Yes, we still hear of a number of organizations that do not have a clearly defined career path for technical communications employees. And even among those that do have a “job ladder” that staff can choose to climb, the scope and criteria are often vague, or worse, obsolete. Having a documented job ladder helps writers know exactly what’s expected of them at each job level and what to work on in various areas if they want to advance vertically in the organization. It also helps managers take a quantitative approach when considering writers for promotion and helping their team members further expand their skill set horizontally.
This article summarizes the top-level areas included in my organization’s Information Development job ladder. In all of these areas, the level of complexity for project ownership, required tech comm skill set, and domain knowledge increases as writers become more senior.
This area covers the basics of technical writing – schedule, writing process, project management, and accurate documentation. A fairly green writer should be able to deliver projects as scheduled, whereas more experienced writers define the schedule and oversee workload balancing among a team of writers.
A writer’s process for gathering, analyzing, and documenting information also matures as they gain experience. Understanding a documentation methodology varies widely and results from adjusting, improving, and defining methodology. Less experienced writers generally do not define project parameters such as audience and work estimates, but as one progresses through the job levels, managers expect more definition of these items rather than simple tactical execution.
One of the most obvious delineations in a lower job level writer and a higher job level writer is the results of their work. We expect a lower-level writer to produce complete and accurate documentation. Increasingly higher-level writers should be able to make decisions to resolve problems, incorporate marketing messages in their documentation where appropriate, define and execute content strategy for doc sets, identify and mitigate project risks, and communicate decisions and implications of those decisions effectively.
Technical Expertise and Product Usability
The Technical Expertise section of the job ladder includes product knowledge and expertise, understanding of product markets, and knowledge of authoring and production (such as content management) tools. While less experienced writers are just developing their product knowledge, senior and lead writers should be able to understand the technical ins and outs of their products and know their competitive stance in the market place.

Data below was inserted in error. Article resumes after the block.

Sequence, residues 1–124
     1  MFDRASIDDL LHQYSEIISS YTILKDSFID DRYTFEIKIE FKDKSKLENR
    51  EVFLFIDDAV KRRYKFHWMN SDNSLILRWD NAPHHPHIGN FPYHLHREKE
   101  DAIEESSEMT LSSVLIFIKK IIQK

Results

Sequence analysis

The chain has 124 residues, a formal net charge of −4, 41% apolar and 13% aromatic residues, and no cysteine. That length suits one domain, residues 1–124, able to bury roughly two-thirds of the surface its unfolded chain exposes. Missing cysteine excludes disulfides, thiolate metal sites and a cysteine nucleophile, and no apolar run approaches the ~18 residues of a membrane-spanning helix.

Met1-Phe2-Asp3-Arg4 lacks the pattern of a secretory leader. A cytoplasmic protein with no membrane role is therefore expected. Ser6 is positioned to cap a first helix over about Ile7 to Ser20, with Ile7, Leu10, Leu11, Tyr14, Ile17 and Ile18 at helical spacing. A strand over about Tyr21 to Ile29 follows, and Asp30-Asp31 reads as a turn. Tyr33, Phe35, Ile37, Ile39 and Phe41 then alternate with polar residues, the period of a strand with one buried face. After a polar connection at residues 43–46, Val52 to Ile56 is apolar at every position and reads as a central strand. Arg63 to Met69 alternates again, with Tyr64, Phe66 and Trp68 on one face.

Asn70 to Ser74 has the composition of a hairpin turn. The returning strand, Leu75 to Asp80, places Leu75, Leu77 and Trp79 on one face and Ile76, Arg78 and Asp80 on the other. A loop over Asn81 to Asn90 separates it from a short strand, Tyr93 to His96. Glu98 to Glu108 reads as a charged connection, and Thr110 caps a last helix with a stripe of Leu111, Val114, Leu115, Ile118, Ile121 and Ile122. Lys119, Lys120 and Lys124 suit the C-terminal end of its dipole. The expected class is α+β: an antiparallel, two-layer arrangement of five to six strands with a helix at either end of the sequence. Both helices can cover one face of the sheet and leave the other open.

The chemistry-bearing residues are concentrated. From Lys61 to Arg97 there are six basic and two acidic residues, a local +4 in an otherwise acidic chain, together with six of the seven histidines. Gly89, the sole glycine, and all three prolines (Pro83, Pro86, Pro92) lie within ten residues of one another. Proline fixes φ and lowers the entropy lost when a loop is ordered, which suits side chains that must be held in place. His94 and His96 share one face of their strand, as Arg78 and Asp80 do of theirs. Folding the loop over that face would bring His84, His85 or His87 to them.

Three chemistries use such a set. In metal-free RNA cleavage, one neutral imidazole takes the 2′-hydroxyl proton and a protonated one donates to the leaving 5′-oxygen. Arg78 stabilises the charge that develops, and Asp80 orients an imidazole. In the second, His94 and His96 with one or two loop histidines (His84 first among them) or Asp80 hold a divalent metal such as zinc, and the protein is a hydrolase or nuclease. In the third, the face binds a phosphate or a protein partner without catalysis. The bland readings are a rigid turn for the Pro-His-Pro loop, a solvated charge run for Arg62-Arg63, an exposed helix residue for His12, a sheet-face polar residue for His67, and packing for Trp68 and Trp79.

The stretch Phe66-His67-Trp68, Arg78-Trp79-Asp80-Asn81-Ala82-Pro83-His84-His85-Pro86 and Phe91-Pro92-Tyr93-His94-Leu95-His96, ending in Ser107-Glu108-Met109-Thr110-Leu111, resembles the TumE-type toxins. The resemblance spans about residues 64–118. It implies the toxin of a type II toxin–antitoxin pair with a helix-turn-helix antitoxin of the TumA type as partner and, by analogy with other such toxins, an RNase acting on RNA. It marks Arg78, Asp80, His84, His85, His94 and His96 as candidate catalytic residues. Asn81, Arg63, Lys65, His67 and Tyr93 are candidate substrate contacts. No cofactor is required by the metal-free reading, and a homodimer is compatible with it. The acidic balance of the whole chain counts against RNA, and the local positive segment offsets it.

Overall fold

Higher-level writers should be able to not only use authoring and other internal tools effectively, they should be able to train less experienced team members on them, and help shape decisions about tools, templates, and technologies for the team.
Usability responsibilities of our team members stretch across the documentation and the products our team members work on. All writers should be able to recognize inconsistent phrasing or screen layout, but more advanced writers also should be able to provide insight to others for usability issues and design new improvements and solutions, even leading usability tests with the development teams.
The Quality area is somewhat self-explanatory. We expect consistent, high-quality work of all writers, but the extent to which writers contribute to leading quality efforts with the documentation and with the product itself increases as they move to higher levels. We also include understanding of customer needs and ensuring the documentation directly addresses those needs here. Finally, writing skills should continue to improve as writers advance, requiring less editing for more obvious flaws and moving toward advanced communication and documentation methods.
Communication and Teamwork
All writers work with at least one project team and communicate daily with those team members. As they advance, the opportunities for communication with multiple teams and across various departments increases. Writers’ communication should be effective, concise, and non-inflammatory. Presentations of various types also are expected as writers advance.
Additionally, teamwork skills have various degrees throughout the job ladder. It’s expected that junior writers are able to answer questions other departments might have. Senior and lead writers should be able to proactively identify needs of other teams, contribute to professional growth of team members they might be leading, and serve as a pillar of professionalism in their interpersonal skills and conflict resolution.
Lastly, the area of leadership involves many aspects of working with others that we strive to cultivate in our Information Development team members. You don’t have to have a manager title to be a leader in your team or in the company. Volunteering to help improve team processes, participating in interviews for team candidates, and designing ways to improve communication across project teams are all ways team members can show leadership. The more one strives to improve the work environment, the more they are perceived as helpful, enthusiastic, and one who takes initiative.
Ultimately, setting expectations for your team members is a win-win for all. Communication around personal goals, constructive feedback, and team initiatives all point back to the job ladder. Team members know what to strive for. Managers know how to help team members grow, both vertically and horizontally. And the team is stronger for it.